One other thing I changed was the handle, as shown here.  The laminate fabric that I used was wider than your typical quilting fabric, so I had enough fabric (by cutting the full width) to run the handle through the grommet and tie it in a knot.

The original pattern used a button, as shown below.  The knot shown above takes a lot more fabric, so it works well with the wider laminate fabric.

So, for those of you who have the Bella Bag pattern, you can make note of those changes -

Then get yourself some laminate fabric -

So you can start enjoying more of this -

(Shot taken last night from our deck.  I thought it was just gorgeous!)

PS – If you are wondering where I got the fabrics shown in this post, I got them here.

Posted in Fabric Trends, Quilting | Tagged , , | 8 Comments

Sanibel Winner

I meant to announce the winner of the fat quarter pack yesterday, but I got sidetracked staining our decks (and I was trying to finish before the storms come today.)  There are four of them, complete with several hundred spindles and some railing.  In other words, I had a really boring weekend, but at least that yucky job is done!  Now, on to the winner – randomly selected by the RNG – is Annie O of  Please e-mail your shipping address to to claim your fat quarter pack!  For those of you who didn’t win, but are looking for the fabrics, I added a few kits here, that are available for purchase. 


Despite my boring task for the weekend, I did enjoy the beautiful weather.   However, with all that deck staining, I didn’t get any sewing done to share with you.  

Instead, I snapped a few pictures of these tubers that provided some good entertainment while I worked.

They made all sorts of acrobatic moves – like jumping . . .

Maneuvering the tube so the bottom edge was the only thing touching the water . . ( I was sure this guys was a goner, but he hung on)

Playing leap-frog over each other . . .

Doing flips through the air, while still holding onto the tube . . .

And then they rode off into the sunset  – Literally, as their place is on the west side of the lake

 Doesn’t that look like fun? 

 I’m not physically capable of such fun things, so I’ll go back to what I’m in shape for – sewing. 

I’ll be back shortly with a beach bag idea-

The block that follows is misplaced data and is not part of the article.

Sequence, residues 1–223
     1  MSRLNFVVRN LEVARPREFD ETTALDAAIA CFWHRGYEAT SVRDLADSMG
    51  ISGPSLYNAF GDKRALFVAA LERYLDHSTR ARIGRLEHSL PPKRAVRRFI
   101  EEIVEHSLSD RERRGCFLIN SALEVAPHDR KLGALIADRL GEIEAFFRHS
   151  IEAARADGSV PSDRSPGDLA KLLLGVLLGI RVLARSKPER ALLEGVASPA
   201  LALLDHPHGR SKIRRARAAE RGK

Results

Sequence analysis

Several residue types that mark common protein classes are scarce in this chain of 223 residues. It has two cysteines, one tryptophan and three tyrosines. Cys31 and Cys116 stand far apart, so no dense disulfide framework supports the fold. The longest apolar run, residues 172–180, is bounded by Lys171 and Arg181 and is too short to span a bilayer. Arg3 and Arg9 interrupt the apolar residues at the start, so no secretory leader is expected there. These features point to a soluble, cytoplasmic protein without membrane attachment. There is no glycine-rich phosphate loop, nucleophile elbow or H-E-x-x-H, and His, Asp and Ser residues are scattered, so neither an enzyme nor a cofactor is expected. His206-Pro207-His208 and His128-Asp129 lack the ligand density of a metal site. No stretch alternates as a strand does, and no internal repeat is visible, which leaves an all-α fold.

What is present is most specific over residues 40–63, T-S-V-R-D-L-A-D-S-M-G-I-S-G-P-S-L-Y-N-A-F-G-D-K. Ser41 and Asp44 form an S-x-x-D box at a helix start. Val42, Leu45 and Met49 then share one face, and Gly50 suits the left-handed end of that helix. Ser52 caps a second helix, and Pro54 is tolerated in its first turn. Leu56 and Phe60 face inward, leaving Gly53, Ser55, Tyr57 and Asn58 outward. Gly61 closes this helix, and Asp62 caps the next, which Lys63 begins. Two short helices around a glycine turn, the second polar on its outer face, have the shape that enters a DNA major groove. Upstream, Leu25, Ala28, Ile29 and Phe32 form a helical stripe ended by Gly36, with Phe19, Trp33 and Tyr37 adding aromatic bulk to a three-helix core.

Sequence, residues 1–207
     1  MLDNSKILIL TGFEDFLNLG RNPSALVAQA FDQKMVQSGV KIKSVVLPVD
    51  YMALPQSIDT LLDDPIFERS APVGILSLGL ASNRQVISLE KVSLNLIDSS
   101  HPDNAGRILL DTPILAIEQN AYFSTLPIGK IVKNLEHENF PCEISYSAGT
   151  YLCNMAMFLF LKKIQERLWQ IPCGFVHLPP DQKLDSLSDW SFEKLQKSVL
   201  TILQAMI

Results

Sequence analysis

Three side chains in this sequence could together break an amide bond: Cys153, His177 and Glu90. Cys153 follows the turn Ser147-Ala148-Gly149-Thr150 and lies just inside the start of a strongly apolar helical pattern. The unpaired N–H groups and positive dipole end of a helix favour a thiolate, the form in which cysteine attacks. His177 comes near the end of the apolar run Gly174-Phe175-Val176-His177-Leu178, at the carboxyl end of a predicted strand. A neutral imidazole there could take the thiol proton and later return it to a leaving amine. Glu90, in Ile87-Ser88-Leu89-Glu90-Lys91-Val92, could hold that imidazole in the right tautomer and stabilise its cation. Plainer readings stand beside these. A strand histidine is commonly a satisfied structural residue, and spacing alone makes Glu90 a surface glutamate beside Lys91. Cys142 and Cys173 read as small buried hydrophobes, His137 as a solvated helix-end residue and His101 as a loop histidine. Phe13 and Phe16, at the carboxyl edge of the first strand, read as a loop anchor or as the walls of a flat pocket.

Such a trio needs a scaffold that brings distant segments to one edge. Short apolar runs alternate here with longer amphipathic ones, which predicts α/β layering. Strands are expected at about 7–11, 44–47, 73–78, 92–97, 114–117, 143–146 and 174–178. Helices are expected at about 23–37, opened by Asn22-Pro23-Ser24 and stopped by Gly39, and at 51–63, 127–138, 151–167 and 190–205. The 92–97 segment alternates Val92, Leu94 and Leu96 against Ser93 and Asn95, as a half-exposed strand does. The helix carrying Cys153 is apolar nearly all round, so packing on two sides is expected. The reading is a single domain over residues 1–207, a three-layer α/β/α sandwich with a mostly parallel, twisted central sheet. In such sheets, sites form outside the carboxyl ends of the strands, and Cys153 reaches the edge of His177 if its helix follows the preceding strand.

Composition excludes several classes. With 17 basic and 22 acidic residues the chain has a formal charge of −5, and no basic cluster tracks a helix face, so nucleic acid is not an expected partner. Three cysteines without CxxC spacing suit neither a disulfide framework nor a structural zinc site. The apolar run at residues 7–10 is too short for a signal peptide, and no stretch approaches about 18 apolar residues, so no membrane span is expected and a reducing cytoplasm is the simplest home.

Posted in Fabric Trends, Family | Tagged , | 8 Comments

Grillin’ Time

Good Morning!   The give-away from my last post will be on through the weekend, but I just wanted to pop in with a few things.  First, thanks to everyone for the helpful suggestions for organizing my trip photos.  I plan to try out a few of those suggestions later today.  I’ll keep you posted on how that works out.  Second, Mom and I have enjoyed reading all your comments about our fabric line Sanibel.  The favorite colors were (by a landslide) brown, aqua blue, pink, and orange.  So, were you wondering why I asked everyone to vote on their favorite colors?  Mom and I are set to start our next line together shortly and the first step is picking the colors.  Honestly, sometimes that can be the hardest part.  There are so many gorgeous colors to pick from and it’s hard to narrow it down.  We will definitely consider your suggestions in our color selection, so thanks!

In the meantime, I thought I’d blog about meat today.  If you would have asked me 10 years ago if I liked meat, I probably would have said I could take it or leave it.  In fact, I think I really only ate chicken, hamburgers, and roast.  Then I met Joel and things started to change!  It didn’t start out that way – In fact, on one of our first dates he ate a bloody steak and I almost ran from the restaurant.  I didn’t answer his phone calls for over a week until he started bringing me blended lattes.  (I didn’t drink coffee before Joel either.)  Ever since we’ve been married he’s been crafting up his “meat goodness” and slowly winning me over.

He got me started with grilled meats. 

Then he bought a smoker and started making his famous ribs -

He also smokes brisket, pork roasts, chicken, and coming soon, salmon.

Then, he made this -

and I had my first taste of prime rib. 

See that come hither look on his face? 

It’s not for me. 

It’s for the meat!

Here’s a shot of the rub – kosher salt, rosemary, thyme, olive oil, horseradish, and garlic.  Yum!


He’s even won me over to pink steak, so today I thought I’d share my two favorite ways to grill steak. (or for him to grill me steak!)

First, you need the right rub.

4 T.  garlic powder

2 T.  kosher salt

4 T.  corn starch

2 T.  paprika

2 1/2  T.  black pepper

1/4 t.  white pepper

1 t.  thyme

Next, brush the steak with olive oil so the rub will stick.   BTW, my favorite steak is rib eye, as shown in the picture below. ( This steak was cut off the end of the prime rib, as they usually come in such big pieces that they feed 20 people.  Also, the price is usually better if you buy the big piece of prime rib and cut it into steaks yourself.  This prime rib was from Sam’s Club)